In a dusty village
near Jaipur, in India, 15 families, spanning three generations,
use discarded cotton rags and waste paper to create an all-natural
paper. There are many such paper-making families in India.
They use their skills to keep them from abject poverty. However
the returns for their labour need to be multiplied by the
intervention of governments and agencies. The policy of the
Indian Government to support cottage industries has helped
to increase profits substantially. The value of exports from
handmade paper now stands at US2.5 million annually. UNDP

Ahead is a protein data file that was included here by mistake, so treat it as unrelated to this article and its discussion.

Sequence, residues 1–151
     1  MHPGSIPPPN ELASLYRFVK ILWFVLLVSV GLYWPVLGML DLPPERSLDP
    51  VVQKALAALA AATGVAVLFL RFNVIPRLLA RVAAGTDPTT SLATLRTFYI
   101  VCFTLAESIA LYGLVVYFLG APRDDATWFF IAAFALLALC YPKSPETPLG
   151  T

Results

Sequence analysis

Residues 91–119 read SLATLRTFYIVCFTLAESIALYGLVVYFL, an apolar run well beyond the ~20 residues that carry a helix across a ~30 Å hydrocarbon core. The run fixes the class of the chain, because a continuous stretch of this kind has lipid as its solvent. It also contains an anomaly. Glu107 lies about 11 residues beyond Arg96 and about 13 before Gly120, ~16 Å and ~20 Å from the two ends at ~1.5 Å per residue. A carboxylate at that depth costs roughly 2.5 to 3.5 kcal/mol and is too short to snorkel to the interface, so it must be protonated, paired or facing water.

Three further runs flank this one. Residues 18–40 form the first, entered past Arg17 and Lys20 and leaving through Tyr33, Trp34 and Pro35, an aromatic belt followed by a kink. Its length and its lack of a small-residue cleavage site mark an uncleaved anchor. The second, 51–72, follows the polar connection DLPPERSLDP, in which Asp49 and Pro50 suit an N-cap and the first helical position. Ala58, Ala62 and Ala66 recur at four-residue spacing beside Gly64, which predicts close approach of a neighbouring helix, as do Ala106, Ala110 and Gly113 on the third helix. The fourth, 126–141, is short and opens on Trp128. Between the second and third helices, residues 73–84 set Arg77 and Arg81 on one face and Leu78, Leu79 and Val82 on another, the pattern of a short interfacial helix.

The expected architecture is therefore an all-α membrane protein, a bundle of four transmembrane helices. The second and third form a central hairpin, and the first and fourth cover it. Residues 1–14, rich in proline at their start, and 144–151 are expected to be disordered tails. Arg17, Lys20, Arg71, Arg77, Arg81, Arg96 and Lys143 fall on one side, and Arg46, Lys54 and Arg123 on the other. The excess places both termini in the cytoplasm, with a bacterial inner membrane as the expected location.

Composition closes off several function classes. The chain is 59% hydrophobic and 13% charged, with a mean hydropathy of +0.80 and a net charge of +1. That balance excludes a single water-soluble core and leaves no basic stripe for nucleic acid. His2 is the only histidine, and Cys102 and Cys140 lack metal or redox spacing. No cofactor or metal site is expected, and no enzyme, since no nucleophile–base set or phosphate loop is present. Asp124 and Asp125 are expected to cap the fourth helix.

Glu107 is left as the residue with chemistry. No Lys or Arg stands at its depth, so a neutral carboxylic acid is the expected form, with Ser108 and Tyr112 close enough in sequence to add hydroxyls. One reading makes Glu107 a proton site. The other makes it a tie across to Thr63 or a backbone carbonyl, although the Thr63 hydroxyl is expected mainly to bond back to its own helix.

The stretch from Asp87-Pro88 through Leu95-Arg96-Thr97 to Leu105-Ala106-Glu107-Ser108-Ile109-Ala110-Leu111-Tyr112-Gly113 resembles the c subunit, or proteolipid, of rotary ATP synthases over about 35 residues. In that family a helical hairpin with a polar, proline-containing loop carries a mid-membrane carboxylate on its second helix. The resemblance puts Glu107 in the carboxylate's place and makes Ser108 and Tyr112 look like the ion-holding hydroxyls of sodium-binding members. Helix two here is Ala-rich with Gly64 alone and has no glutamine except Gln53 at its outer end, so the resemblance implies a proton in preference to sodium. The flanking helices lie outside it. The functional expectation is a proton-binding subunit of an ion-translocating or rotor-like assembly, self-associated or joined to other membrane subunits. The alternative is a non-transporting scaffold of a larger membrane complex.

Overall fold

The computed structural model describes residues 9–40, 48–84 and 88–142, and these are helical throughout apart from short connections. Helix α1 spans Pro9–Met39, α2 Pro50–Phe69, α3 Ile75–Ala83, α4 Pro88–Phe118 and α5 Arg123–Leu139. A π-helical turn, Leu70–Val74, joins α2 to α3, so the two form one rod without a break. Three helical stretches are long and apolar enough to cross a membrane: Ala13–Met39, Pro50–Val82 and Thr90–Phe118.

has contributed to the modernization of the Kumarappa National
Hand-made Paper Institute that now offers training and laboratory
testing to ensure that the industry produces good quality
products for export. This is an example of how the traditional
skills of poor people can be used to raise them out of poverty.
This is achieved with the support of governnent policies,
international marketing strategies, and the support of an
international agency to maintain quality and market promotion.
from: Choices: The Human Development Magazine, UNDP 1997.